25 May 2011 | Lindsay Clark
Investment adviser Goldman Sachs is forecasting supply
constraints will push oil prices up to $140 (£87) a barrel by the end of 2012.
In a note to its clients, the firm said short-term
shocks that affected supply, such as political unrest in north Africa and the
Middle East and the natural disasters in Japan, that pushed prices up recently
and threatened to weaken demand for key commodities including oil and copper,
would abate. But underlying demand would still push prices up.
“Although the economy has likely shifted into a
slower, but sustained, growth environment, we continue to expect that economic
growth will likely be sufficient to tighten key supply constrained markets in
[the second half of 2011], leading to higher prices from current levels,” the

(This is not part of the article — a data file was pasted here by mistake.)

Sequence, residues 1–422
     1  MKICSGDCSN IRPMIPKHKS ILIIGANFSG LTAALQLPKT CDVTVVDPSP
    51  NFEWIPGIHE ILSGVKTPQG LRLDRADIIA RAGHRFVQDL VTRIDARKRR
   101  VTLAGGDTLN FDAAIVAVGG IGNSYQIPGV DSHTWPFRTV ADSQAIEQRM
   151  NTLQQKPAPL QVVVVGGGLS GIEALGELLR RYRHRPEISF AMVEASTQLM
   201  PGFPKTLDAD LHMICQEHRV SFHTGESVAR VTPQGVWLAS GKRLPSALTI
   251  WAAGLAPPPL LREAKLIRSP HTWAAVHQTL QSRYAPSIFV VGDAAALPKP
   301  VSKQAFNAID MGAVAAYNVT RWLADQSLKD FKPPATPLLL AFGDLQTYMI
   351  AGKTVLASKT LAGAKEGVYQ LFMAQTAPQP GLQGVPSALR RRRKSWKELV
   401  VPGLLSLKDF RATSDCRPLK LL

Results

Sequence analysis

The report forecast that by the end of 2012, crude oil would be $140 (£87)
a barrel and would be at $130 (£80) a barrel by this
time next year. It raised the forecast for prices at the end of 2011 from $105
(£64) to $120 (£74) per barrel.
The report argued that although shocks from recent natural disasters had
affected market prices in the short-term, the effects of disruption in the
Middle East and north Africa could be felt in the longer term.
“We expect that the ongoing loss of Libyan crude oil production… will
continue to tighten the oil market to critical levels in early 2012, with
rising industry cost pressures likely to be felt this year,” the report said.